Southwest CEO admits the airline’s first attempt at in-flight Wi-Fi was subpar
Southwest Airlines believes it has its Row 44 Wi-Fi reliability problems resolved, and expects to begin marketing it in earnest this year. / Row 44
Some Southwest passengers have long complained about the spottiness of its Wi-Fi, and now CEO Kelly concedes that the reliability of Row 44 Wi-Fi service hadn’t been up to the airline’s standards. Nothing more frustrating for business travelers than funky Wi-Fi.
Now that Southwest Airlines has Wi-Fi and TV from Row 44 installed on 400 aircraft, Southwest CEO Gary Kelly concedes the airline’s Wi-Fi reliability “was not where we wanted it to be in prior years.”
Hence, Kelly says, Southwest didn’t put much marketing into the service.
Asked to comment on Kelly’s stance, Robbie Hyman, a Row 44 spokesperson, agreed that there indeed had been a problem, saying:
Reliability is a key metric for Southwest, and they were indeed an early adopter of satellite-based technology for inflight WiFi. The drop in reliability a while back was linked to an issue with a a first-generation component on our system.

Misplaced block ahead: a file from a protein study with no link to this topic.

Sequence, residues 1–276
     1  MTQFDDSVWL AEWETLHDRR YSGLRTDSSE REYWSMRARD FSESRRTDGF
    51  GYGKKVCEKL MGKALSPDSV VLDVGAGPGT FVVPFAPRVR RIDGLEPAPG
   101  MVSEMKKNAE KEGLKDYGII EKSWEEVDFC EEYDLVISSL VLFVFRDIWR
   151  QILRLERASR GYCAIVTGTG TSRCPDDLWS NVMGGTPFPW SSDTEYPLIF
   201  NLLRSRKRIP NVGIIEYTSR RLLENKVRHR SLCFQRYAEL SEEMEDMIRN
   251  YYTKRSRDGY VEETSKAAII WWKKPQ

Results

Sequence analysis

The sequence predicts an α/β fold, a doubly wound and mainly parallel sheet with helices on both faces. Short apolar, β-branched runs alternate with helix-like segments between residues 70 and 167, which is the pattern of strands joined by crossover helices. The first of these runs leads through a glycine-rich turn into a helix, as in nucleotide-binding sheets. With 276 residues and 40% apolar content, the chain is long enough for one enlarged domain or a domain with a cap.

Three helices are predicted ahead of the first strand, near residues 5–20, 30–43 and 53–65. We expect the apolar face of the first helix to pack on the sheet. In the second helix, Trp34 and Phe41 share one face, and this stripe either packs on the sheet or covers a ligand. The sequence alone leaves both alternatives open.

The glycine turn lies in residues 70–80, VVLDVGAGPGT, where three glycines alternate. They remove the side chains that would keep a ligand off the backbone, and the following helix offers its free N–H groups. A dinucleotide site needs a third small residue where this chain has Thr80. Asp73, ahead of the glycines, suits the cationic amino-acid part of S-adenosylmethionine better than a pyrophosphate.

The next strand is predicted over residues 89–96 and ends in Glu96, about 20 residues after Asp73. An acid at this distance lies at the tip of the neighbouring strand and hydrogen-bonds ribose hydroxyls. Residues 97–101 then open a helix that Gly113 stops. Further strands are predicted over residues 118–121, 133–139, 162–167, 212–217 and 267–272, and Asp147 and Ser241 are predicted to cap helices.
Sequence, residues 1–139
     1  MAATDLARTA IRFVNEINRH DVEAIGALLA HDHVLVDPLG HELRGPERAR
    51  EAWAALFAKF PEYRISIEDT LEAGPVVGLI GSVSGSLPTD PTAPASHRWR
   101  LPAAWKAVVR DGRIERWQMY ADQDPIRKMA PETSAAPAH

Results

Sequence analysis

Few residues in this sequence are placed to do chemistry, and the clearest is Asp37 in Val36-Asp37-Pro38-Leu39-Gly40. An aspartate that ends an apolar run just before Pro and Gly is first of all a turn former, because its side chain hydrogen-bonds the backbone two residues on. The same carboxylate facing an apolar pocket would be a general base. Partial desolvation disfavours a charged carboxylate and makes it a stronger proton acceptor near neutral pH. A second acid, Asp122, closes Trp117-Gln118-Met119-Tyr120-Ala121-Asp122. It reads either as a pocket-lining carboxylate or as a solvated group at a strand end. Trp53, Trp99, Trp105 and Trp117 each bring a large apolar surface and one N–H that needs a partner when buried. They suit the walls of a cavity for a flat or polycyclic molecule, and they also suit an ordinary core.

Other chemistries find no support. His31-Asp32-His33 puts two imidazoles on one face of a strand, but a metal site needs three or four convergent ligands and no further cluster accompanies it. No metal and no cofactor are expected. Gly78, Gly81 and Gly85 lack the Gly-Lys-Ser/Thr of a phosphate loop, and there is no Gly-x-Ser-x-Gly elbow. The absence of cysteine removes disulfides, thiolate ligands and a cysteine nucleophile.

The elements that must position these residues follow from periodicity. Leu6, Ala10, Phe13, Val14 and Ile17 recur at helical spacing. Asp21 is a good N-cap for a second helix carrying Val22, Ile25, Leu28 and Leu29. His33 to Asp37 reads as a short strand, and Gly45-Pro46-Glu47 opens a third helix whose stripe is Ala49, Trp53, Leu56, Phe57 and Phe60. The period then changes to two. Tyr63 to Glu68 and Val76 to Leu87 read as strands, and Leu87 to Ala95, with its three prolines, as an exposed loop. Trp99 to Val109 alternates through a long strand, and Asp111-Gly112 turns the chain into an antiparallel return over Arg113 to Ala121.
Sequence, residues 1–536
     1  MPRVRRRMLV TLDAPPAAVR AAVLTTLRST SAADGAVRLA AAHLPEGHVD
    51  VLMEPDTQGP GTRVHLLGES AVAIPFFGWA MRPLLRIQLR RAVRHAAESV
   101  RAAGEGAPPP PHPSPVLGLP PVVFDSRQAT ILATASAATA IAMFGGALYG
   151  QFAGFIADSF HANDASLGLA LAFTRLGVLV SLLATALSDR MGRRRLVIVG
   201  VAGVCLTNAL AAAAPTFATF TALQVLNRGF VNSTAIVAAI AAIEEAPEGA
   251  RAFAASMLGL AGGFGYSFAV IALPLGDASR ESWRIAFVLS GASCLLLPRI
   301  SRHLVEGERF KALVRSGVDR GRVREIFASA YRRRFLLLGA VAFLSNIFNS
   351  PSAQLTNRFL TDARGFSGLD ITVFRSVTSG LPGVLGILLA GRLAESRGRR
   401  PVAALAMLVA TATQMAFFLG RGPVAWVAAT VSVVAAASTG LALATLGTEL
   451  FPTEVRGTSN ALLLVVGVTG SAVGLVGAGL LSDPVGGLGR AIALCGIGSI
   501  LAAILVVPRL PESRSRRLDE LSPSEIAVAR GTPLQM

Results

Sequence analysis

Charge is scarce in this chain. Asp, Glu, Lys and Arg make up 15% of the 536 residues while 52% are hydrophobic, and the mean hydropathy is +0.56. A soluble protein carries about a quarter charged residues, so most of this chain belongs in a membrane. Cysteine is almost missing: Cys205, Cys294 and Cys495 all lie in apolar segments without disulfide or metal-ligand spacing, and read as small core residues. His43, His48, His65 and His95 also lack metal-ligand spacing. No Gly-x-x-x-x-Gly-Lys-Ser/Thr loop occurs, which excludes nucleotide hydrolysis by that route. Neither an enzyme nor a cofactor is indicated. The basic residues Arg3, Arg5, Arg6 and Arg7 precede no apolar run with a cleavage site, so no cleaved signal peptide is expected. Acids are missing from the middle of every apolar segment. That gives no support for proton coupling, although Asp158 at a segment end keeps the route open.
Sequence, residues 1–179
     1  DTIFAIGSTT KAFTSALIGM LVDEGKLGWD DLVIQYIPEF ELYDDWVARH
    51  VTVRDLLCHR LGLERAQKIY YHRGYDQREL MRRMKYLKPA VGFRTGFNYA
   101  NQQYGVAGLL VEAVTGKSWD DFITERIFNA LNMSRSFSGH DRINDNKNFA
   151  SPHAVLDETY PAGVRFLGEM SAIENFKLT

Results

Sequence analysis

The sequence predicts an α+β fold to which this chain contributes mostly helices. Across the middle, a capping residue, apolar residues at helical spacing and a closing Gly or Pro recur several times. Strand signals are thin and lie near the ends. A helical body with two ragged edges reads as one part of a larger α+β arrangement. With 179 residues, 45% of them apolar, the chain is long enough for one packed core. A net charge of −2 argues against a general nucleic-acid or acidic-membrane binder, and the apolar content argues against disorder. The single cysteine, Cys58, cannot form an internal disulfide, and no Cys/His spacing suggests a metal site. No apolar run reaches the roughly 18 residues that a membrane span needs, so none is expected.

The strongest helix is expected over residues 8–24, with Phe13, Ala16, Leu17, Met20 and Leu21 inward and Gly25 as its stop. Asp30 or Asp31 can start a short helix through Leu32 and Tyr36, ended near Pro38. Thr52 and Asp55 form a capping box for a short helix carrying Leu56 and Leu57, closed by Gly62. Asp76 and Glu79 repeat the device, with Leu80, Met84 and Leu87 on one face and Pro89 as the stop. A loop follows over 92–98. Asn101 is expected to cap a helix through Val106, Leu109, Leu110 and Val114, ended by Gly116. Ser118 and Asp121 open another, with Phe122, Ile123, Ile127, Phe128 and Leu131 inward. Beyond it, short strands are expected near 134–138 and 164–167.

We addressed the issue by having a new component developed and upgraded by a new supplier, which we then replaced, and that turned out to be the right fix to enhance reliability and ultimately the passenger experience.
But, Kelly claims the Row 44 service is 98% reliable today, which he characterized as “not too bad.”
Kelly said Southwest earned about $5 million in Wi-Fi fees in 2012, and plans to ramp up its marketing, emphasizing Live TV from Row 44 with increased offerings, and looming video on demand.
Without offering any specific statistics, Kelly, speaking during a conference call about Southwest’s fourth quarter earnings, said the Wi-Fi take-rate is “better” on long-haul flights than on short haul flights, which is below expectations.
In other tidbits from the Southwest earnings discussion:
- Officials said they expect its new pay-at-the gate boarding option in positions A1 to A15 will likely be purchased by one passenger, or less than one person, per flight. That could mean “tens of millions of dollars” in revenue in 2013, CFO Tammy Romo said, but that pales in comparison with around $100 million in revenue garnered from Business Select Fares and close to $200 million from EarlyBird check-in last year.
- Kelly said “we don’t have any plans to charge for bags [first- and second-checked bags] at this time.” The airline believes it picked up around 2% market share, largely because of its Bags Fly Free policy, and this accounts for about $1 billiion in annual revenue gains.
- Kelly argued that Southwest has “an enormous opportunity” and is “very different from our competitors” because of the prospect of increasing the ranks in Rapid Rewards loyalty program, growing the airline’s customer base, and adding destinations.